Environmental fate of Perovskite photovoltaics

  • Umweltschicksal von Perowskit-Solarzellen

Schmidt, Felix; Schäffer, Andreas (Thesis advisor); Hugi, Christoph (Thesis advisor)

Aachen : RWTH Aachen University (2022)
Dissertation / PhD Thesis

Dissertation, RWTH Aachen University, 2022


Third-generation solar cells based on so-called perovskite absorber materials could become a major driver in green, renewable energy generation. High-efficiency perovskite solar cells, to date, rely on the use of lead (Pb) at concentrations of 0.5 g / m2, which is a potential environmental and safety concern. In this thesis, potential environmental impacts from (Pb in) perovskite solar cells are addressed across the life cycle of the technology. When designing novel solar cell devices, emphasis should be put on efficiency and stability, but the availability and supply of the employed materials need to be considered as well. The use of critical raw materials in emerging solar cell technologies is discussed and strategies to reduce, re-use or recycle critical raw materials are evaluated. A potential new failure mechanism of plastic-based solar cells that is induced by the presence of biological matter (so-called biodeterioration) is discussed. This biologically-induced degradation could affect both solar cell lifetime (when parts of the solar cell are subjected to biodeterioration) and efficiency (from the colonisation of biofilms). Environmental impacts from perovskite solar cell constituents (such as Pb) can mainly arise in the case of damage. Therefore, experimental investigations were carried out to address the fate of perovskite solar cell-derived metals in environmentally relevant systems. Soil-water systems were simulated in microcosm experiments and used to address mobility and availability of perovskite metal species. Soil was demonstrated to be a potent matrix for metal immobilisation under worst-case conditions that strongly limits metal (bio)availability. A novel setup was developed to investigate leaching kinetics of Pb from flexible perovskite solar cells. Critical damage could induce substantial Pb release in mildly acidic conditions. Still, proper encapsulation strategies can provide a straightforward way to mitigate risks from Pb leaching. A unique outdoor installation was constructed and used to determine metal concentrations from perovskite solar cells in rainwater under natural conditions. Both, laboratory and outdoor tests enabled modelling of Pb emissions and predict environmental concentrations in relevant scenarios. Lastly, a novel recycling process was developed to recover and re-use Pb from spent perovskite solar cells. The process uses only water and heat and demonstrated good applicability to a variety of different perovskite solar cell materials. Overall, novel insights into the potential environmental risks from perovskite solar cell constituents are presented. This could form part of the critical body of evidence required to enable perovskite solar cells to fulfil their potential and enable a transition towards climate neutrality.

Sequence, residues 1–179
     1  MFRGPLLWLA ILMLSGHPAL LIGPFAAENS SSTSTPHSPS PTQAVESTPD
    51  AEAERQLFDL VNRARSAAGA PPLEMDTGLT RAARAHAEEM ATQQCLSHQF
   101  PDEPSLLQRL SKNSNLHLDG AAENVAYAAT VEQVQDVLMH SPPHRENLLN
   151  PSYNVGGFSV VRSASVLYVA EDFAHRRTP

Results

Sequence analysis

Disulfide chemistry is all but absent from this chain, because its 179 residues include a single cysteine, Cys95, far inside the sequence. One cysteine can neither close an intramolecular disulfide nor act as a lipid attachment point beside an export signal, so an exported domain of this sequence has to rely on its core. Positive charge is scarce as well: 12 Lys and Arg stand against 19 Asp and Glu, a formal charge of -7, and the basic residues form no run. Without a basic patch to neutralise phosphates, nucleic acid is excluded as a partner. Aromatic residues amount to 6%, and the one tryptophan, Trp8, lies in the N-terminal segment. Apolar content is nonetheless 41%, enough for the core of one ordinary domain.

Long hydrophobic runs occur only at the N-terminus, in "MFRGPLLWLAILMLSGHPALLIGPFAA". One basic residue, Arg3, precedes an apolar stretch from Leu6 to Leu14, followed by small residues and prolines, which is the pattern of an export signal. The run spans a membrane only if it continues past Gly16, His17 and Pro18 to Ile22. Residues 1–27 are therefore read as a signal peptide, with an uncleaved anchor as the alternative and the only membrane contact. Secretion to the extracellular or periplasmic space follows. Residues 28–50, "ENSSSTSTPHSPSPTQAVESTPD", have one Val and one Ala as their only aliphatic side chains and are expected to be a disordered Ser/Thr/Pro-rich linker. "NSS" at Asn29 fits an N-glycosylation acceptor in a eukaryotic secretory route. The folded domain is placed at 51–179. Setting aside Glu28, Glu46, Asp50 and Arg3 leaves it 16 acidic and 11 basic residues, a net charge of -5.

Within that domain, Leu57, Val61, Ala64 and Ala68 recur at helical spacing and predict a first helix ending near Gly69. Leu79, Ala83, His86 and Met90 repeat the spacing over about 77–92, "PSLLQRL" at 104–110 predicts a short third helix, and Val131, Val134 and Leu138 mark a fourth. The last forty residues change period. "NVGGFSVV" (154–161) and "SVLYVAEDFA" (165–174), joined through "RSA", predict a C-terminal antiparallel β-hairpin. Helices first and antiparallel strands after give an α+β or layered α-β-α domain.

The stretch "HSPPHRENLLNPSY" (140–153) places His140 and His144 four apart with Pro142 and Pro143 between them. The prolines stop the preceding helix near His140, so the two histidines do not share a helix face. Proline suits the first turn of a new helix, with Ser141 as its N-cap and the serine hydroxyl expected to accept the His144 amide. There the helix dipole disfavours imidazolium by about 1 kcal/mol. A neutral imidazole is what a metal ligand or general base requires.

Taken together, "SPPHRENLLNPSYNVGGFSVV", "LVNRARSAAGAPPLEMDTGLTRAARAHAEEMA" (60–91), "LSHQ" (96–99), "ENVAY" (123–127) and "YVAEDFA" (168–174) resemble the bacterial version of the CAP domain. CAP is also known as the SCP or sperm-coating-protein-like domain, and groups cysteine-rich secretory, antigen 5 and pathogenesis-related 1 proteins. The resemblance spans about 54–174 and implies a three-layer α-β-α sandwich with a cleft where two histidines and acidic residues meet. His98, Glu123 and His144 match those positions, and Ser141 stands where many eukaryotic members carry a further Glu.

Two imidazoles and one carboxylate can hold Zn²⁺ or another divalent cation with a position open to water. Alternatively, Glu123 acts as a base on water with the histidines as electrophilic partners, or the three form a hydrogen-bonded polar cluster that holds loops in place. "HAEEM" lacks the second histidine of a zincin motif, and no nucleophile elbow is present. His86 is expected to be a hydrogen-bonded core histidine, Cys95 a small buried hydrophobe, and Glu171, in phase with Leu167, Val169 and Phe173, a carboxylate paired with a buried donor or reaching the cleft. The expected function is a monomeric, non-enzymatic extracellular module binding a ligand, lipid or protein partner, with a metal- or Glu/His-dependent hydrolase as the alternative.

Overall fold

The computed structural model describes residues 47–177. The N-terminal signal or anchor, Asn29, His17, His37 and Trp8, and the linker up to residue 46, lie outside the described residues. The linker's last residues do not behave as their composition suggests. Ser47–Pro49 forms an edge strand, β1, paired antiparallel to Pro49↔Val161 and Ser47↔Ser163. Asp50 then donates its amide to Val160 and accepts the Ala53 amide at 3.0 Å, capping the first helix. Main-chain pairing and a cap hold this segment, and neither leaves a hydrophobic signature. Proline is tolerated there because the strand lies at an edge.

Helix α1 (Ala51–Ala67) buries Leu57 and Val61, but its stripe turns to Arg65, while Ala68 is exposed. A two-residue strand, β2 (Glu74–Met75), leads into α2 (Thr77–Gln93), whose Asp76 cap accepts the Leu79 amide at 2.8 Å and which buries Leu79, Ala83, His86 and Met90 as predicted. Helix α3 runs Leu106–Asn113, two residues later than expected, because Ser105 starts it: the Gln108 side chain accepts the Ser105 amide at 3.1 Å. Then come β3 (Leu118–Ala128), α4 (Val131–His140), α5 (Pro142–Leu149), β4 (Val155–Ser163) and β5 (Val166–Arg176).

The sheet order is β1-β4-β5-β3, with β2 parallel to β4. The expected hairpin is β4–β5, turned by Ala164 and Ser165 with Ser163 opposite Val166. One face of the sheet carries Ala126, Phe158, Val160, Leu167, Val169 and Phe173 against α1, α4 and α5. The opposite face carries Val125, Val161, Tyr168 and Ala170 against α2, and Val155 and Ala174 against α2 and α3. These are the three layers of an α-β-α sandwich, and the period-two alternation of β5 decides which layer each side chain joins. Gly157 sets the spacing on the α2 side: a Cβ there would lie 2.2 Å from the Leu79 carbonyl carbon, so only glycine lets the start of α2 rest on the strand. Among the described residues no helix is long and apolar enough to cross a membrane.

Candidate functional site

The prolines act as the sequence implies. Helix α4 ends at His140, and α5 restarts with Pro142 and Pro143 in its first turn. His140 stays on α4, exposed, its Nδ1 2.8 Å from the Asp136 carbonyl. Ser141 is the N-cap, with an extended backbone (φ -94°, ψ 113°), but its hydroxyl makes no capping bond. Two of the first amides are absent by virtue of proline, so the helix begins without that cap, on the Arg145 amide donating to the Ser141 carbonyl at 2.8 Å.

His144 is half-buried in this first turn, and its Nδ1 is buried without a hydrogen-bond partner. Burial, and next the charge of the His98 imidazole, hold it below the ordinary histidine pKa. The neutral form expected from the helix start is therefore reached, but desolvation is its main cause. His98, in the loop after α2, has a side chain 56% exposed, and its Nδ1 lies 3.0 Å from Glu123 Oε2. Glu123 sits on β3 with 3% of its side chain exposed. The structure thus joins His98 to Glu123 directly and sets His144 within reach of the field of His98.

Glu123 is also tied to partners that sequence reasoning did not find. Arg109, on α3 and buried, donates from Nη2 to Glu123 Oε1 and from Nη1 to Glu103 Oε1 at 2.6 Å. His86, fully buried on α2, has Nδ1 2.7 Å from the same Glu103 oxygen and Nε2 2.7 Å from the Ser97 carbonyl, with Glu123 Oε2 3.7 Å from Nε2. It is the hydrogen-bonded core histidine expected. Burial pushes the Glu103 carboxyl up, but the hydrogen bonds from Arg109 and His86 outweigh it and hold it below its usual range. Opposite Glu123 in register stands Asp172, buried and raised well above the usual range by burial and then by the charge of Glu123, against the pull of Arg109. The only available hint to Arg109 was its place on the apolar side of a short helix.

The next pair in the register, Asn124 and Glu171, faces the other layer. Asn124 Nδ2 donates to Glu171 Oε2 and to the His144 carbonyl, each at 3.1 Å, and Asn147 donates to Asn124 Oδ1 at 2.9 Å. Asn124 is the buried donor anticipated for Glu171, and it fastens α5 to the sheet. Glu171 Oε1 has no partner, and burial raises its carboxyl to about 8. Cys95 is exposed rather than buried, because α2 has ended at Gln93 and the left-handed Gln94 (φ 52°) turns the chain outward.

• Department of Biology [160000]
  • Chair of Environmental Biology and Chemodynamics [162710]